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Re: proposed WINDOW_UPDATE text for session flow control windows

From: 陈智昌 <willchan@chromium.org>
Date: Sun, 10 Feb 2013 11:14:43 -0800
Message-ID: <CAA4WUYg2gn7Um1FZk3KBcP5aH=RpSCbYduFz3M+hZGQ_A4tsxQ@mail.gmail.com>
To: Patrick McManus <mcmanus@ducksong.com>
Cc: HTTP Working Group <ietf-http-wg@w3.org>
Do servers often have a need to immediately revoke buffer size promises? In
absence of negative window updates, I would think servers would just stop
sending WINDOW_UPDATEs. Is that mechanism insufficient?

One thing I like about the lack of negative window updates is the ability
to assert (for streams that don't race with a SETTINGS frame that sets the
initial window size) that the sender is respecting flow control. I guess
you can still assert this as long as you aren't actively using negative
window updates.

All in all, I don't feel very strongly on this. I'd rather hear from more
proxy/server vendors that they want this, rather than adding it in just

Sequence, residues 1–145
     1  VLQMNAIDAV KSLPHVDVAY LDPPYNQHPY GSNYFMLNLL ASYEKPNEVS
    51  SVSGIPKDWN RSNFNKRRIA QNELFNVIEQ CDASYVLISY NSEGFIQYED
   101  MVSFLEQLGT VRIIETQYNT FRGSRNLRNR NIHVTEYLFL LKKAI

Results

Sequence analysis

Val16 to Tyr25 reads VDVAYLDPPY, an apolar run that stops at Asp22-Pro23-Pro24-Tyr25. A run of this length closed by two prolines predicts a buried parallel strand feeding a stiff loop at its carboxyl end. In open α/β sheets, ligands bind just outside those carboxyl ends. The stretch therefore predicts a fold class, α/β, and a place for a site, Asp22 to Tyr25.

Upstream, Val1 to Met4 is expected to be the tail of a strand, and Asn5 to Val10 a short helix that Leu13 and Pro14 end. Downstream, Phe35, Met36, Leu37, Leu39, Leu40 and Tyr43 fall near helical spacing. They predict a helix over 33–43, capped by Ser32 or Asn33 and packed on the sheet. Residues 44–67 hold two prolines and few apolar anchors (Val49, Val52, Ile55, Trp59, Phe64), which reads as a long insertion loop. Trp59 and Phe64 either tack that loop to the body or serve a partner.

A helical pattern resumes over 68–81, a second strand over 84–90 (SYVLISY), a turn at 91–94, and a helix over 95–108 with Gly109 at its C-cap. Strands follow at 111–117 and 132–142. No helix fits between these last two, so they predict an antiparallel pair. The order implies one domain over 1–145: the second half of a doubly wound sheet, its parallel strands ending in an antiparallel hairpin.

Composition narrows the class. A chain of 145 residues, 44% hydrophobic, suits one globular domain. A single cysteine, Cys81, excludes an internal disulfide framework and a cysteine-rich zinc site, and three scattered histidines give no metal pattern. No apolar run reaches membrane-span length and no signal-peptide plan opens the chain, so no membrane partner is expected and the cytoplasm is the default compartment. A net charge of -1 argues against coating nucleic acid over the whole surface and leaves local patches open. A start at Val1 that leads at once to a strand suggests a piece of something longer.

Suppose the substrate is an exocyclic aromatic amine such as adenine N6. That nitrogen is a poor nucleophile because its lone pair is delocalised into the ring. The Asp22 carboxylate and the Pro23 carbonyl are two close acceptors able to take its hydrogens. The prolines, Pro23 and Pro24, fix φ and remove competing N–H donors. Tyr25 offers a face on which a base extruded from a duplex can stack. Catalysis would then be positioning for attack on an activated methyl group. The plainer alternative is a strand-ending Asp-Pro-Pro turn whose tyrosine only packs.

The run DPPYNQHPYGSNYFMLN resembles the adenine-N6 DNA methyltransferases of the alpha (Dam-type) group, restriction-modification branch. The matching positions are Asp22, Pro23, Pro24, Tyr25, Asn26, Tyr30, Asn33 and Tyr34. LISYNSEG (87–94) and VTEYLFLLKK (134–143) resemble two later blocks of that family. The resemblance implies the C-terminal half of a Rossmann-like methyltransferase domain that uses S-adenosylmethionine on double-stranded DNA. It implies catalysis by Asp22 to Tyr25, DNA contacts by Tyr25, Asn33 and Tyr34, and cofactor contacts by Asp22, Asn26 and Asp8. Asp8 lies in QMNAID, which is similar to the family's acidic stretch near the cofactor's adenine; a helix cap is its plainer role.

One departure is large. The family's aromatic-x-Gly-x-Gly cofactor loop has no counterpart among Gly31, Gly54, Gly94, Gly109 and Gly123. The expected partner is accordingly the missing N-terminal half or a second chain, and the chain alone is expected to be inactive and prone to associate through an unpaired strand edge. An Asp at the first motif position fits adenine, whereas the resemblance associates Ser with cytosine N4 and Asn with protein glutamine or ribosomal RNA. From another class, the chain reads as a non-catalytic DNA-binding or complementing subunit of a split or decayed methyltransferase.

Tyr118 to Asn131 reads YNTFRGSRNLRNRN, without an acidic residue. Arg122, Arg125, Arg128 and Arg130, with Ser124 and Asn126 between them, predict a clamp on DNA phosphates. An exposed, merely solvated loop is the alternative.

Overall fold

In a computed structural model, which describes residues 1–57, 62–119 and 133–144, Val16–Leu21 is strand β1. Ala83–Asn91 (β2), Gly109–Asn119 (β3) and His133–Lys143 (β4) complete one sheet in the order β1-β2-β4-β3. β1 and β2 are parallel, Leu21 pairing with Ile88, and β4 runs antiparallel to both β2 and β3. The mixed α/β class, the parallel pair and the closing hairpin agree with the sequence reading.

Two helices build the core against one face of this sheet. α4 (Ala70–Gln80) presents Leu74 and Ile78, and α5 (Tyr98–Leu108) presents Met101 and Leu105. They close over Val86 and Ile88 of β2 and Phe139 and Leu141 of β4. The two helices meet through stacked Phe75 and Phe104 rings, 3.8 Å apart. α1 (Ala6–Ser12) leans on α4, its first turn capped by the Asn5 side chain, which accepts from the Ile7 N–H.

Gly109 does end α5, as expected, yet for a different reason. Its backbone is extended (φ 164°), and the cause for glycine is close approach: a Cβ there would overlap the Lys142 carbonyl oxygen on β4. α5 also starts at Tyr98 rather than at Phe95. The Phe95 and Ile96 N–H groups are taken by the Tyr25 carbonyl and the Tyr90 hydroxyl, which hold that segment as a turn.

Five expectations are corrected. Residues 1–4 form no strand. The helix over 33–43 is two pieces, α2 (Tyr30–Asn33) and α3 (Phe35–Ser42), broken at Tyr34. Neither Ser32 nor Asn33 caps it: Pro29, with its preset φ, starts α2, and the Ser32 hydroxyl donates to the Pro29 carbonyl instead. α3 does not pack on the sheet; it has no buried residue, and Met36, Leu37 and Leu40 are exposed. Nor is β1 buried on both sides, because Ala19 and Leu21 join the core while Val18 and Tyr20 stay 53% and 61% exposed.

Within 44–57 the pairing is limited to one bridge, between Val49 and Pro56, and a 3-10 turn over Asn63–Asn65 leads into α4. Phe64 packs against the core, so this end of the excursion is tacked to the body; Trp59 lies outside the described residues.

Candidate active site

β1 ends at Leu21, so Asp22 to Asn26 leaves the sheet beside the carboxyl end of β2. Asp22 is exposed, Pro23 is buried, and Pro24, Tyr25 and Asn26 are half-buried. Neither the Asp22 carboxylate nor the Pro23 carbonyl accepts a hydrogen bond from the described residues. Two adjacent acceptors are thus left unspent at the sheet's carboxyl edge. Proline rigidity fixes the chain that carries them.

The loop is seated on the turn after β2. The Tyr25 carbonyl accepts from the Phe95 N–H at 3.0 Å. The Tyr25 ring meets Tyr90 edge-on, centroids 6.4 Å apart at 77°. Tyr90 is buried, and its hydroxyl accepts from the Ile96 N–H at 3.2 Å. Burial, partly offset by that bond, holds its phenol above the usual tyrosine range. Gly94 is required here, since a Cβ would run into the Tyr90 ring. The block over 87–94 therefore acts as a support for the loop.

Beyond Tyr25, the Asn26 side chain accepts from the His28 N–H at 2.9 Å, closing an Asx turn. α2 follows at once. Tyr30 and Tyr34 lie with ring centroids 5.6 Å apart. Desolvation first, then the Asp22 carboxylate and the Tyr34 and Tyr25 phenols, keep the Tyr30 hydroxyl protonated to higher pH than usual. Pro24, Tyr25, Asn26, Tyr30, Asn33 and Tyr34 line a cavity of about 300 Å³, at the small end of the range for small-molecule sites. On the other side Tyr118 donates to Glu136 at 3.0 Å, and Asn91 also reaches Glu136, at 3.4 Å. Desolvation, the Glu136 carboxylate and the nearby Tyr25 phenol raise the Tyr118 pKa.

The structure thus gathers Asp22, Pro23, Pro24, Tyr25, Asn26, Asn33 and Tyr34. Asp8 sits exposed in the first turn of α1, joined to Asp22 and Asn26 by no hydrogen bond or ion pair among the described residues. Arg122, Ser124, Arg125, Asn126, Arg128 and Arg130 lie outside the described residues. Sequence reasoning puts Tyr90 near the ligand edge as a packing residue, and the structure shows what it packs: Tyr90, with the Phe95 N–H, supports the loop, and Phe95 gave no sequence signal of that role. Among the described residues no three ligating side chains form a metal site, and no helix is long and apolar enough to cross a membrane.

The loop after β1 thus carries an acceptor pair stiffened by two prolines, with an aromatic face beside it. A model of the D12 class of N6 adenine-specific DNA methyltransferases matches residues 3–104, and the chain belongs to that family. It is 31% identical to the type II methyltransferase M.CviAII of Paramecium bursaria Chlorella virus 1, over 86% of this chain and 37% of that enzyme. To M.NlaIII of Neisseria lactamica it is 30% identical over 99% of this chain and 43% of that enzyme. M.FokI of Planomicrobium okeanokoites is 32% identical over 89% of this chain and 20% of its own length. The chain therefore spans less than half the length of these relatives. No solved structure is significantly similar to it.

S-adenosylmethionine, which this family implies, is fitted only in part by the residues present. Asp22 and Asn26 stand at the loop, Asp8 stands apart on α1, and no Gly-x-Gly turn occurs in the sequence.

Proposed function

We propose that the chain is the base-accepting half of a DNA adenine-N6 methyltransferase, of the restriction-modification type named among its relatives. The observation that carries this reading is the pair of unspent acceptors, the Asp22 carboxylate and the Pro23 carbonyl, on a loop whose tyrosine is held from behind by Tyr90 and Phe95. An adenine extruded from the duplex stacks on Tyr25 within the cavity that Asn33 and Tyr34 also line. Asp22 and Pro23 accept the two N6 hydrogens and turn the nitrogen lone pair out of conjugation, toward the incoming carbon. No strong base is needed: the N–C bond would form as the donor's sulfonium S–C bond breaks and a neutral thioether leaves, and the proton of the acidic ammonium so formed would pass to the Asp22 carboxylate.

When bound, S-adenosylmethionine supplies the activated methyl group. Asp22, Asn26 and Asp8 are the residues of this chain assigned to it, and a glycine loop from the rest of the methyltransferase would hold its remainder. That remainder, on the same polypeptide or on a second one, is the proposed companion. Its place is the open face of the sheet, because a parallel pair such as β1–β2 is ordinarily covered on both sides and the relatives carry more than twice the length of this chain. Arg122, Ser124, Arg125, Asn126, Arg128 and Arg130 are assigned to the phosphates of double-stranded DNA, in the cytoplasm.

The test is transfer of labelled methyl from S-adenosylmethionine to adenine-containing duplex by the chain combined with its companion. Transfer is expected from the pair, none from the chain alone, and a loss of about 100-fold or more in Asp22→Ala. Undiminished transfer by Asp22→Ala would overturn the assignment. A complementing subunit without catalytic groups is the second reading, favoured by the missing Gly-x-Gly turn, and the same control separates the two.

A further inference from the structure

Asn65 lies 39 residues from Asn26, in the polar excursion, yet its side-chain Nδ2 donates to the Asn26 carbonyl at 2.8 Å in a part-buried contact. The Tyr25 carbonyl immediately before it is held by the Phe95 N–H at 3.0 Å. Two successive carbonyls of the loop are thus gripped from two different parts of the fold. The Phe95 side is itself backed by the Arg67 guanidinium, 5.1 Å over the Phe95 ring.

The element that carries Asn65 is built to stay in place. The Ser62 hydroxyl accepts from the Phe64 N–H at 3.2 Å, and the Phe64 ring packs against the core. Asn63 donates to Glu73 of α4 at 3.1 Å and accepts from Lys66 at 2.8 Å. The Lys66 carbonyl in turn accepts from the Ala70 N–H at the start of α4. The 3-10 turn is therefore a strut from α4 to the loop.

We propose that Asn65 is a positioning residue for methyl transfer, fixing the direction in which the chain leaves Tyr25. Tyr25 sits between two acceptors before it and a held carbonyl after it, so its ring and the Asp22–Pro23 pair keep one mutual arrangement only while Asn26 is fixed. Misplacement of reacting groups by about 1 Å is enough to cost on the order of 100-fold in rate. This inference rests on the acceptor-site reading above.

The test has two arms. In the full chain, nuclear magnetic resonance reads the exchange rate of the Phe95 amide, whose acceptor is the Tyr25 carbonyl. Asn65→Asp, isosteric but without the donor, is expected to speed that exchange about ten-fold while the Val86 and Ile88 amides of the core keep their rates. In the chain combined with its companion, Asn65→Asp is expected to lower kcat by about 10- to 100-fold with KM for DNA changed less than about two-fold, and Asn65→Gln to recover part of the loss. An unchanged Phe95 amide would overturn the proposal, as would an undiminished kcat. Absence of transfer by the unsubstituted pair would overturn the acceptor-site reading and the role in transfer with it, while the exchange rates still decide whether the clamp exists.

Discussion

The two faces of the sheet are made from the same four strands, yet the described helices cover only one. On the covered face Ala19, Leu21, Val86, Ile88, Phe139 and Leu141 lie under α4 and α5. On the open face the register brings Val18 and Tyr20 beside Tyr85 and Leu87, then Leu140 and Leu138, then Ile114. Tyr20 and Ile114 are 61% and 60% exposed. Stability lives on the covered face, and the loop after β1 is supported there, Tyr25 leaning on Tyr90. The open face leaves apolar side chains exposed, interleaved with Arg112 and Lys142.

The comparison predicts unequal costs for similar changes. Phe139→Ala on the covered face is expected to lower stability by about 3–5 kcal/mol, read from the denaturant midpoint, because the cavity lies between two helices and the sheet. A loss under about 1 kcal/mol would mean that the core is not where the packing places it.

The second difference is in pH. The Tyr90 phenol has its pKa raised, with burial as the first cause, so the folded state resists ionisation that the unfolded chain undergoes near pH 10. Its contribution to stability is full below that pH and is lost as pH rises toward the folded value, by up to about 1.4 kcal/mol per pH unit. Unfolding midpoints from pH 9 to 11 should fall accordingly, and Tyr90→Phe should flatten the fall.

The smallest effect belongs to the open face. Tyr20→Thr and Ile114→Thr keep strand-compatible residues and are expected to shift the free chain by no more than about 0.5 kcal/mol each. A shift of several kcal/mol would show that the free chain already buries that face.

because it might be useful. Or are you suggesting that Firefox would like
to use this?


On Sun, Feb 10, 2013 at 5:53 AM, Patrick McManus <mcmanus@ducksong.com>wrote:

> From time to time I bang the drum for allowing negative window updates
> (i.e. allowing the receiver to revoke, given a rtt, a portion of previously
> granted and unused window due to local resource changes on the receiver).
> This proposal doesn't contain that provision - but it has an obvious unused
> bit where it could go.
>
> If nobody else sees the value in that I'll stop banging the drum - but
> this is sort of a last call to sanity check that.